Artificial womb raises hope for premature babies
An artificial womb has been successfully used to incubate healthy baby lambs for a period of one week, and researchers hope the technology will one day be able to do the same for extremely premature babies.
The long-standing collaborative Western Australian-based program, involving researchers from the Women and Infants Research Foundation, the University of Western Australia, and Tohoku University Hospital, Japan, has sought to develop an effective treatment strategy for extremely preterm infants born at the border of viability (22-23 weeks).
Findings published this week in the prestigious medical journal, The American Journal of Obstetrics & Gynecology, have shown that preterm lambs were successfully maintained in a healthy, infection-free condition with significant growth, for a period of one week using ex-vivo uterine environment (EVE) therapy.
Chief Investigator in Australia, Associate Professor Matt Kemp, said that with further development, EVE therapy could prevent the severe morbidity suffered by extremely premature infants by potentially offering a medical technology that does not currently exist.
"Designing treatment strategies for extremely preterm infants is a challenge," he said.
"At this gestational age the lungs are often too structurally and functionally under-developed for the baby to breathe easily."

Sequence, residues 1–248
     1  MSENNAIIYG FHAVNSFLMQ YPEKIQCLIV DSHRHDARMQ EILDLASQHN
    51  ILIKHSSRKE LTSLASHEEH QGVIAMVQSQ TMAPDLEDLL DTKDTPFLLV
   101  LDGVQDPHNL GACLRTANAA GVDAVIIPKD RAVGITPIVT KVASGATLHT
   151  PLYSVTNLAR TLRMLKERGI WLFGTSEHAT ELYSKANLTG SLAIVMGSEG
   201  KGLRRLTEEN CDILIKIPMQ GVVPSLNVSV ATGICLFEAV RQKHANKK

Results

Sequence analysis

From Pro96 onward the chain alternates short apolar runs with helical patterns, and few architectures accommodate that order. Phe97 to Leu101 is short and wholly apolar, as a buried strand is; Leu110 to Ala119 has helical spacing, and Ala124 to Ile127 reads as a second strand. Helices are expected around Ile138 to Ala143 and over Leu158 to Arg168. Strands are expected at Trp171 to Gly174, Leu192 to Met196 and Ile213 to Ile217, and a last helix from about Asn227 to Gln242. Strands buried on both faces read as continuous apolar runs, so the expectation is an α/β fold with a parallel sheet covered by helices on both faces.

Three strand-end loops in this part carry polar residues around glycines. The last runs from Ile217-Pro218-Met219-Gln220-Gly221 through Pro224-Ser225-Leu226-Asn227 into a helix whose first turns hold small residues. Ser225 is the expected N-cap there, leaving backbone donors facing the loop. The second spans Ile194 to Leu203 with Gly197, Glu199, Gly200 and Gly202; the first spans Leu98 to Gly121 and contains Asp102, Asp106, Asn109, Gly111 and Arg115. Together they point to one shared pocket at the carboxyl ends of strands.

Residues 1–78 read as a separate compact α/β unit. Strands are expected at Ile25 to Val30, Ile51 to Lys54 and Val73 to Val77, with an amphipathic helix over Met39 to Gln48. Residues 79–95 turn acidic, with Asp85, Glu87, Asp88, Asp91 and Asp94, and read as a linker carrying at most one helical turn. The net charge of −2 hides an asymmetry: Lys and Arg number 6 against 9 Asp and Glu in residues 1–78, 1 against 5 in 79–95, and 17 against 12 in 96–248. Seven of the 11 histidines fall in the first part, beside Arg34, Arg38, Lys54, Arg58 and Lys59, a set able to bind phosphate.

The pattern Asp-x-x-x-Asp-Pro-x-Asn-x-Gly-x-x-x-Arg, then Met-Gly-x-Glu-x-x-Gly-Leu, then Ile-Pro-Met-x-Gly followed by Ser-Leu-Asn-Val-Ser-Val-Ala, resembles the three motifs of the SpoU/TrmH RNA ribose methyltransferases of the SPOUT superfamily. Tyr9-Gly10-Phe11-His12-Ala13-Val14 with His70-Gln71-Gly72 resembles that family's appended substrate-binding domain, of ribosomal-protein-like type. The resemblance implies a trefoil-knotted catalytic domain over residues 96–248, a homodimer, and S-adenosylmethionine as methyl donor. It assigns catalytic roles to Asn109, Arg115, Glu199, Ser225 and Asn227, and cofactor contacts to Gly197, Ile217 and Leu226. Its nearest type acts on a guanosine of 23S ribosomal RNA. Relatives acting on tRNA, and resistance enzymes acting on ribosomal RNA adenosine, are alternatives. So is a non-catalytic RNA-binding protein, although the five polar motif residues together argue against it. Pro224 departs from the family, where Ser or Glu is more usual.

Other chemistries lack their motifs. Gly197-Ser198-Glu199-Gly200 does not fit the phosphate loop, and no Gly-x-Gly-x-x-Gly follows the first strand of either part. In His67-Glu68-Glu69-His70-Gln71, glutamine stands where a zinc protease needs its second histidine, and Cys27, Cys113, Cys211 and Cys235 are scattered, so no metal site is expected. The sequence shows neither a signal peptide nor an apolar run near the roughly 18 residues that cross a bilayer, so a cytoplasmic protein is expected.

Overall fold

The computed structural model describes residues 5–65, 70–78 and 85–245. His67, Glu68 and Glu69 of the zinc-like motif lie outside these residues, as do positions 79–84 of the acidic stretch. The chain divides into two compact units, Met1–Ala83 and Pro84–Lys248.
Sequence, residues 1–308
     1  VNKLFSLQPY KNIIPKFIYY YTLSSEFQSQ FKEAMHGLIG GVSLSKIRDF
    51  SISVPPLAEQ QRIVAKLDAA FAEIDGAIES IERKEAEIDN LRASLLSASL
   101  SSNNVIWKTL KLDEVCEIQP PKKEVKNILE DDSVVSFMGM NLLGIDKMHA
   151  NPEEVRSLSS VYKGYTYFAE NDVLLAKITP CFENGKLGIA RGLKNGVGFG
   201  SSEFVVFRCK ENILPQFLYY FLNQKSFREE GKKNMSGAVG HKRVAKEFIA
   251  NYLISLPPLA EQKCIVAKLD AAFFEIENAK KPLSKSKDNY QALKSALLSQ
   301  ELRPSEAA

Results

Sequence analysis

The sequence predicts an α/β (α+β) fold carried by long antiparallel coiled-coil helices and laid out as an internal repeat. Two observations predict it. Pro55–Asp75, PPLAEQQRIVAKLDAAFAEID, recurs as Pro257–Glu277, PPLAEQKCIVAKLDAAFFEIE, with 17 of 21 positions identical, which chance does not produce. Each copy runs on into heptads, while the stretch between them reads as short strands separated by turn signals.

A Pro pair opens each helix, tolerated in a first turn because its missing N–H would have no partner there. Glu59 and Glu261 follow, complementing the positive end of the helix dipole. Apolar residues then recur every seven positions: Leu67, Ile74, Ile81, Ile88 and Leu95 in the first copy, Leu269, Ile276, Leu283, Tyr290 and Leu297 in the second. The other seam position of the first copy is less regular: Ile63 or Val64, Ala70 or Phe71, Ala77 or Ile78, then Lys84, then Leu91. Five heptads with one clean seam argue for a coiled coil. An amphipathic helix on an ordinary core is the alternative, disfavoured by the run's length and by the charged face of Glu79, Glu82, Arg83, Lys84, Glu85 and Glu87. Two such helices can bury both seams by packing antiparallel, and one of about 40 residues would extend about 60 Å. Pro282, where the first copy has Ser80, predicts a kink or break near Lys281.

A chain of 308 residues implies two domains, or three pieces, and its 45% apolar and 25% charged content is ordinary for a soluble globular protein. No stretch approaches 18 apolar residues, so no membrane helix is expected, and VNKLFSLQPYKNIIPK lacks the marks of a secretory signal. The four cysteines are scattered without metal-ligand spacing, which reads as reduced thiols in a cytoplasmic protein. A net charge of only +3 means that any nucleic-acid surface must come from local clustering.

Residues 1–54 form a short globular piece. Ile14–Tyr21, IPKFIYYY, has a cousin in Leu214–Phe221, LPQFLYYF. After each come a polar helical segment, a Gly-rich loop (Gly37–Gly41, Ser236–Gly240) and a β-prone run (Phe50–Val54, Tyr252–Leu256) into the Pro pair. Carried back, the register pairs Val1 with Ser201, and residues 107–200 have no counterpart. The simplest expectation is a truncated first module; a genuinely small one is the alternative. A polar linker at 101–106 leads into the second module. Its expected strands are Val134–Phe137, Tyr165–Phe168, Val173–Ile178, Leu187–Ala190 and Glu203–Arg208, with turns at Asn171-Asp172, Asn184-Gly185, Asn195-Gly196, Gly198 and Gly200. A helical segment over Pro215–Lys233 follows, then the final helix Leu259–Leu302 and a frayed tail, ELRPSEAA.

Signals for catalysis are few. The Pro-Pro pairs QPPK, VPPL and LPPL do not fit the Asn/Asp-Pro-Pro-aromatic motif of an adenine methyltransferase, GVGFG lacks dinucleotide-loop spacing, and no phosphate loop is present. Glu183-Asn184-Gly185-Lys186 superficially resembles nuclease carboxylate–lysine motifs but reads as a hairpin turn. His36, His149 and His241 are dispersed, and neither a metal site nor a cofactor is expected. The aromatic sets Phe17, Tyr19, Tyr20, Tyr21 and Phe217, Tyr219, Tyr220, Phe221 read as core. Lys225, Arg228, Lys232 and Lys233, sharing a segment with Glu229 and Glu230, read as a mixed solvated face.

The research team hypothesised that one means of improving outcomes for this group would be to treat them as a fetus rather than a small infant.
"At its core, our equipment is essentially is a high-tech amniotic fluid bath combined with an artificial placenta. Put those together, and with careful maintenance what you've got is an artificial womb," Assoc Prof Kemp said.
"By providing an alternative means of gas exchange for the fetus, we hoped to spare the extremely preterm cardiopulmonary system from ventilation-derived injury, and save the lives of those babies whose lungs are too immature to breathe properly. The end goal is to provide preterm babies the chance to better develop their lungs and other important organs before being brought into the world."
Assoc Prof Kemp said that as equally exciting as the research outcomes, was the collaborative element of the study. Perth-based researchers, including visiting Fellow Dr Haruo Usuda, work year-round with researchers from Tohoku University Hospital in Sendai (led by Associate Professor Masatoshi Saito and Dr Shimpei Watanabe) and the Artificial Placenta Development Team at Nipro Corporation in Osaka (led by Mr Shinichi Kawamura).
"This project is a wonderful example of international collaboration; it brings together leading academic researchers from Japan and Western Australia, and is undertaken in close partnership with one of Japan's foremost biomedical technology companies, Nipro Corporation" he said.
"Not only do we have some of the best minds in the field working on this much needed treatment, we also have a clear pathway for moving the results of our work beyond the laboratory and into clinical use.
"EVE therapy, and the use of sheep as a model of human pregnancy and the newborn, has been a long-standing research interest of this group. We now have a much better understanding of what works and what doesn't, and although significant development is required, a life support system based around EVE therapy may provide an avenue to improve outcomes for extremely preterm infants."